People request her services “if they are having a difficult case that they are working on, if they are needing help finding the right words to communicate with their clients ... or having a mental health problem themselves,” Sevegney-Reynolds said. “We help with conflict that happens with the hospital, conflict with a colleague or supervisor, (to resolve it) in a productive way.”

She also gives presentations to students and staff on critically important issues such as compassion fatigue and conflict resolution. And she has one VSW working under her.

When studying for her MSW, Sevegney-Reynolds said she “had no idea there was such a thing as veterinary social work.” She got her current job only after a colleague alerted her to the opening.

What Sevegney-Reynolds finds especially satisfying about her job is being a part of the veterinary hospital’s executive management team. She appreciates having a voice in the decision-making process.

“I am so happy that I have a seat at the table at those conversations and am able to talk about veterinary mental health and wellness and provide my perspective to veterinary hospital management,” Sevegney-Reynolds said.

The Human-Animal Bond

Every social work student ought to learn about the human-animal bond, whether or not they wish to pursue careers as VSWs, said Philip Tedeschi, a clinical professor at the Denver’s (DU) Graduate School of Social Work and founder and former executive director of the school’s Institute for Human-Animal Connection.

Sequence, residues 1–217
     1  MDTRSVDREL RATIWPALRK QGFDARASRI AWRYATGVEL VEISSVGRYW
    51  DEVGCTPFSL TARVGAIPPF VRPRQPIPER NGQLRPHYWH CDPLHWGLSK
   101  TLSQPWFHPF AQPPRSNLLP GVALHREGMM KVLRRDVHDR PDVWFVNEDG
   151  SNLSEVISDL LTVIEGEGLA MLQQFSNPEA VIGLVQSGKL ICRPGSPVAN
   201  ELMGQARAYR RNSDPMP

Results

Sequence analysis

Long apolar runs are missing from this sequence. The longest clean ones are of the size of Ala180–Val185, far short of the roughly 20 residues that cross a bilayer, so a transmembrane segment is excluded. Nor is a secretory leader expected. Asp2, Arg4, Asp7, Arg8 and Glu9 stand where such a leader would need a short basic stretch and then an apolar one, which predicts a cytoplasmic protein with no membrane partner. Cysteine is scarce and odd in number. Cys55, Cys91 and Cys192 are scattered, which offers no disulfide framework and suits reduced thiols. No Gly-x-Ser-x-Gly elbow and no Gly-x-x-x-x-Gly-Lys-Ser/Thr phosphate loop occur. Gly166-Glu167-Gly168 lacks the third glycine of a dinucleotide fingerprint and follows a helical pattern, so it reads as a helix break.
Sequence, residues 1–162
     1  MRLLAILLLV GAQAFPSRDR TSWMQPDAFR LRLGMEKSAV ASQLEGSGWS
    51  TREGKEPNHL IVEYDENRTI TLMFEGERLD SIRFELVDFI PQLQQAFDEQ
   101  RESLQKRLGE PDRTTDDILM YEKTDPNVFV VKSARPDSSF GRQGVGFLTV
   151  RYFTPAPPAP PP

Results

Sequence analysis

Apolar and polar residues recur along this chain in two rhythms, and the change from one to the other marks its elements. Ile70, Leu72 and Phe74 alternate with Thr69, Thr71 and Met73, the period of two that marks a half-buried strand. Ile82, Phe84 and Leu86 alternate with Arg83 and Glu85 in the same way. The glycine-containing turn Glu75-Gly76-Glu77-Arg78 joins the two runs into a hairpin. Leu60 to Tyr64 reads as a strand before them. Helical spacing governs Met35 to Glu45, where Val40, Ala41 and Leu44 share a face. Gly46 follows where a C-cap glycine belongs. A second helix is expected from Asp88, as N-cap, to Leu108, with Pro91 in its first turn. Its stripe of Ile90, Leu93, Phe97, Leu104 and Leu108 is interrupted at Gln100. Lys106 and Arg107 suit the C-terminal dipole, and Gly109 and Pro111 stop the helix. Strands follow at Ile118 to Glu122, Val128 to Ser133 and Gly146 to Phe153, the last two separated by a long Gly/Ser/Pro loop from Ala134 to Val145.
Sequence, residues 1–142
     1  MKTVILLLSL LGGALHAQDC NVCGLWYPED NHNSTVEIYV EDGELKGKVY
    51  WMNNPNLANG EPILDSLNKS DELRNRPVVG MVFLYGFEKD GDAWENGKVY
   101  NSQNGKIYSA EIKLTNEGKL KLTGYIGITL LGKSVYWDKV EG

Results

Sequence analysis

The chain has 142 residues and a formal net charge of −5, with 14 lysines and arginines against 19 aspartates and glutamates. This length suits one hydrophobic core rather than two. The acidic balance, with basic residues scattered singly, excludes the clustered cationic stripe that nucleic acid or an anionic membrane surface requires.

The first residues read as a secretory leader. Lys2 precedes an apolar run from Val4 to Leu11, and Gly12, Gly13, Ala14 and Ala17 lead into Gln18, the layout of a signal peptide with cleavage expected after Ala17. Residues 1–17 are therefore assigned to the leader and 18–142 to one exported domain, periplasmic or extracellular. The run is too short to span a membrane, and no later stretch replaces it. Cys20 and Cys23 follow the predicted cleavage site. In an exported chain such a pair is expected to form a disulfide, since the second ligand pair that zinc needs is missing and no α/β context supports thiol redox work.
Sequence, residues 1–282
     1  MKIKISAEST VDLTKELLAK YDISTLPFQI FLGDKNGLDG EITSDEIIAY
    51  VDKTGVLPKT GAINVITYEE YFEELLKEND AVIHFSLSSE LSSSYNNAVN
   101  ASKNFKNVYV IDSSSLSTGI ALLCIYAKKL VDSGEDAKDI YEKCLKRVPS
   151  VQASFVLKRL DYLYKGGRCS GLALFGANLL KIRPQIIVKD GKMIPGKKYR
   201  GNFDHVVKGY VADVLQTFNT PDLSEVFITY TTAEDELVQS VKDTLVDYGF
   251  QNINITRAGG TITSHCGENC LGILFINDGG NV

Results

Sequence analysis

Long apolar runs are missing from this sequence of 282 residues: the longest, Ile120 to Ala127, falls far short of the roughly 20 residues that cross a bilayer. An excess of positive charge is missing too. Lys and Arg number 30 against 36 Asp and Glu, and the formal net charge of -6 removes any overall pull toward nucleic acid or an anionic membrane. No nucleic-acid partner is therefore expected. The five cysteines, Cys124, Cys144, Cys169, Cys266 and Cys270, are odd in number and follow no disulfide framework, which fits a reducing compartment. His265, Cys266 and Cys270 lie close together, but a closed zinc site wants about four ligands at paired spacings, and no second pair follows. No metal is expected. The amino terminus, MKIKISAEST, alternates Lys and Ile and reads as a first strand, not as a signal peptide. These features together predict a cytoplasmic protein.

Social workers increasingly realize that the most dangerous mental health issues they treat are isolation and loneliness, which are connected to any number of comorbidities and diseases, he said. Companionship and social support are keys to alleviating these twin malaises.

“It turns out that social support doesn’t only occur through relationships with other humans. We can have relationships with non-humans that are often some of the most predictable and reliable and safe relationships that we have,” Tedeschi said. “It cannot be understated. It may arguably be one of the most widespread forms of mental health support that we have in the United States, probably more than anything else.”

Though DU doesn’t offer a VSW program per se, it offers coursework in the human-animal connection that attracts students from all over the world, some of whom end up working as VSWs, according to Tedeschi.

He added that social work schools also should encourage students to examine humans’ relationships with wild creatures and farm animals, how other living systems are affected by our actions, and how declining biodiversity affects human health.

“The important social justice issues of our time are related to how we treat the living world,” he said, adding that DU offers a three-course certificate in human-animal-environment interactions that delves into the heart of this interconnectedness and explores the concept of “one health.”

Tedeschi said animals are involved these days in every human service environment—in schools, with at-risk populations, older adults, trauma survivors, and especially in treating service members suffering from PTSD. Accordingly, DU offers graduate certificates in canine and equine therapy and humane health to teach future practitioners how to incorporate animals appropriately and ethically into therapies aimed at helping people overcome grief, trauma, and a host of other mental health challenges.

“What we are doing … in incorporating a human-animal-environment focus is not all that different than the way we would think about educating any social worker. But it is bringing in this unique dimension, and it has to be part of the conversation,” Tedeschi said. “It’s hard for me to imagine advocating for human beings without being aware of the immediate contact with other living beings.”

Raju Chebium is a writer in Maryland. Previously, he was a journalist for the Associated Press, and Gannett/USA Today.